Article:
Essay about A Psychoanalytic Approach to Faulkner's The Sound and the Fury

Essay about A Psychoanalytic Approach to Faulkner's The Sound and the Fury

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A Psychoanalytic Approach to Faulkner's The Sound and the Fury


   In Faulkner's work, The Sound and the Fury, Caddy is never given an interior monologue of her own; she is seen only through the gaze of her brothers, and even then only in retreat, standing in doorways, running, vanishing, forever elusive, forever just out of reach.  Caddy seems, then, to be simultaneously absent and present; with her, Faulkner evokes an absent presence, or the absent center of the novel, as André Bleikasten and John T. Matthews have observed.  The "absent center" is a key term in Lacanian theory, and in order to understand how Caddy's absence, or repression, supports the masculine identity, we'll have to review some Lacanian theory.

 

According to Lacan, at first all children are engaged in an imaginary dyadic relation with the   mother in which they find themselves whole.  During this period, no clear boundaries exist between the [male] child and the external world, and the child lacks any defined center of self.  For the child to acquire language, to enter the realm of the symbolic, the child must become aware of difference.  Identity comes about only as a result of difference, only by exclusion.  The appearance of the father establishes sexual difference, signified by the phallus, the mark of the father's difference from the mother.  The father creates difference by separating the child from the maternal body: He prohibits the merging of mother and child and denies the child the use of the phallus to recreate this union. (Nancy Chodorow says, a woman's entry into the symbolic is different from a man's. The daughter isn't threatened with castration, and identifies with the mother.  Girl longs to recover the lost unity for the m ot...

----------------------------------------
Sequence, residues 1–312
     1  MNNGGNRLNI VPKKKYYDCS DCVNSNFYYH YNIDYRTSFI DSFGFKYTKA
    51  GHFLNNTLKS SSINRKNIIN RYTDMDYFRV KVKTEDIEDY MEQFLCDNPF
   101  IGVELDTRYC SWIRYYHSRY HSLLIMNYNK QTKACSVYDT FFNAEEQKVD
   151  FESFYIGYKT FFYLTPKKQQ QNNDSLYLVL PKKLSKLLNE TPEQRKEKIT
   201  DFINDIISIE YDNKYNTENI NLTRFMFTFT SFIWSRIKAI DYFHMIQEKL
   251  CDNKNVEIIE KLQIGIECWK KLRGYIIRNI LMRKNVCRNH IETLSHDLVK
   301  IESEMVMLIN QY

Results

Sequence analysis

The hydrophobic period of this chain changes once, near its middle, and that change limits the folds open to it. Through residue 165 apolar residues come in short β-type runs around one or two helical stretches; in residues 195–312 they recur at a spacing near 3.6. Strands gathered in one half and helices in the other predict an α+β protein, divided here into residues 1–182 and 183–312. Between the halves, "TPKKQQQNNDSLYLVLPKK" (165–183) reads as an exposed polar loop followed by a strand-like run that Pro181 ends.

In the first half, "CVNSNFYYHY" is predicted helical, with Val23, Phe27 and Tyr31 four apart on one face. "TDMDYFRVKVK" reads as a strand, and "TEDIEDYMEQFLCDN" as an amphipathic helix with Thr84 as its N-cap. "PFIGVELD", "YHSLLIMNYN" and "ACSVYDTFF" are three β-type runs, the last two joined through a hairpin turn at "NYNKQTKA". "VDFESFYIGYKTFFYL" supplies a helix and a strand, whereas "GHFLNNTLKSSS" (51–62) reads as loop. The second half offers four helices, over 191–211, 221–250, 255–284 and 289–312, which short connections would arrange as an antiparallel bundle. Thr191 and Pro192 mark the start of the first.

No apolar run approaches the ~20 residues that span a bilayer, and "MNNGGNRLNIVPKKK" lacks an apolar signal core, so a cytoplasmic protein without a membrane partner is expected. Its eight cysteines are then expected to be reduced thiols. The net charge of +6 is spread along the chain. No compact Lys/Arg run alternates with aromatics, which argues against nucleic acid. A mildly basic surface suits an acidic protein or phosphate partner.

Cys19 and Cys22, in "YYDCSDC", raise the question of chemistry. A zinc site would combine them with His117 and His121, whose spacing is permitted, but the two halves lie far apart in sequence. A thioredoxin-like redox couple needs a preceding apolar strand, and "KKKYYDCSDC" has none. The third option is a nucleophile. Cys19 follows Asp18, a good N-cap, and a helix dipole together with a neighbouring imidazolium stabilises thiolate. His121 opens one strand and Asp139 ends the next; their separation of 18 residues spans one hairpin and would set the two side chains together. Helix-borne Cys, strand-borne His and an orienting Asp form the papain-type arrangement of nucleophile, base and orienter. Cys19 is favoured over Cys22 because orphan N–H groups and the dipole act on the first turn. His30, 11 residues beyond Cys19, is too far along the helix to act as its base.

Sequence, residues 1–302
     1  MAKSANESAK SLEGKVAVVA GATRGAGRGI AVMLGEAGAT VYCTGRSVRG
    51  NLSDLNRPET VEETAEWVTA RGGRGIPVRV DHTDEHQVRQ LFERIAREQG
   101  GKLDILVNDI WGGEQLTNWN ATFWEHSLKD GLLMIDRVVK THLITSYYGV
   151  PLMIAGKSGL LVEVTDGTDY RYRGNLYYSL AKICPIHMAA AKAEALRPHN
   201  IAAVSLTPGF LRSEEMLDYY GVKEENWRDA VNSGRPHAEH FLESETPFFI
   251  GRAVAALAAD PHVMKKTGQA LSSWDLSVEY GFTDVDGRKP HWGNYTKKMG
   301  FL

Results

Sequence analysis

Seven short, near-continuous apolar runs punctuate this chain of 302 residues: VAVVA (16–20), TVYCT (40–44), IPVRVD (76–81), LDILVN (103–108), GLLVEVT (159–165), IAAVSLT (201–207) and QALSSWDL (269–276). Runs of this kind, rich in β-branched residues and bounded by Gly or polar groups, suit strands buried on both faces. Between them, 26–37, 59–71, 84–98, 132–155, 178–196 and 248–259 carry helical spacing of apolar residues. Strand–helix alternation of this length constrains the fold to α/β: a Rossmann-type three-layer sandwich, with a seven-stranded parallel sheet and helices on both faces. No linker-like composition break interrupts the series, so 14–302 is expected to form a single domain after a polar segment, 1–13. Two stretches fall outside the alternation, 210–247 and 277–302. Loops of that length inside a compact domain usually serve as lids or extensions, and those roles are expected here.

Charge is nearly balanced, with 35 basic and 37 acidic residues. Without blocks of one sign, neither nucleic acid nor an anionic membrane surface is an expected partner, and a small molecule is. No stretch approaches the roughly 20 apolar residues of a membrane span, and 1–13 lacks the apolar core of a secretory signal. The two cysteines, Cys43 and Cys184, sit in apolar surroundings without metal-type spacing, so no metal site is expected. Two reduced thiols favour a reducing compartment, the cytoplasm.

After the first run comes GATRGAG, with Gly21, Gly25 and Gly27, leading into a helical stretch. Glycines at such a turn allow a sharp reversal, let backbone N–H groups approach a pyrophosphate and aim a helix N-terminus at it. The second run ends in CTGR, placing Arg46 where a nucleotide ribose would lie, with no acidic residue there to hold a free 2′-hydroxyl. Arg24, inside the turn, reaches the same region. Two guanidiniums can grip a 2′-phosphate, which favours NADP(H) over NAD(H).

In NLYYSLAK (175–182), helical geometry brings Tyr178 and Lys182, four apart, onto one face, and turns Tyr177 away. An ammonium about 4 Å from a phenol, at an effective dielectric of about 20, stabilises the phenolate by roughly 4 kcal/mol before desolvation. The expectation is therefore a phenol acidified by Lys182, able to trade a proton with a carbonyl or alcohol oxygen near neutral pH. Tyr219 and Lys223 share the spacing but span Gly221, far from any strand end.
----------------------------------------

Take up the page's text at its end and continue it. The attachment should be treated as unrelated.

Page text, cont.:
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...ging a relationship outside the family.  A "lack" exists and is exacerbated by the conscious and unconscious divisions between male characters, Jason and Quentin, and female characters, Caddy and Quentin.  Faulkner does not offer an easy exit or resolution to the paradox.  The "lack" existing within the psyches of Quentin and Jason gives rise to other forms of absence and means to attaining absence, culminating in violence, suicide, and solitude.

 

Works Cited and Consulted

Fowler, Doreen. "Little Sister Death: The Sound and the Fury and the Denied Unconscious,"

Faulkner and Psychology. Ed. Donald M. Kartiganer and Ann J. Abadie. UP Mississippi: Jackson 1994.

Porter, Carolyn. "Symbolic Fathers and Dead Mothers: A Feminist Approach to Faulkner."

Faulkner and Psychology. Ed. Donald M. Kartiganer and Ann J. Abadie. UP Mississippi: Jackson 1994.

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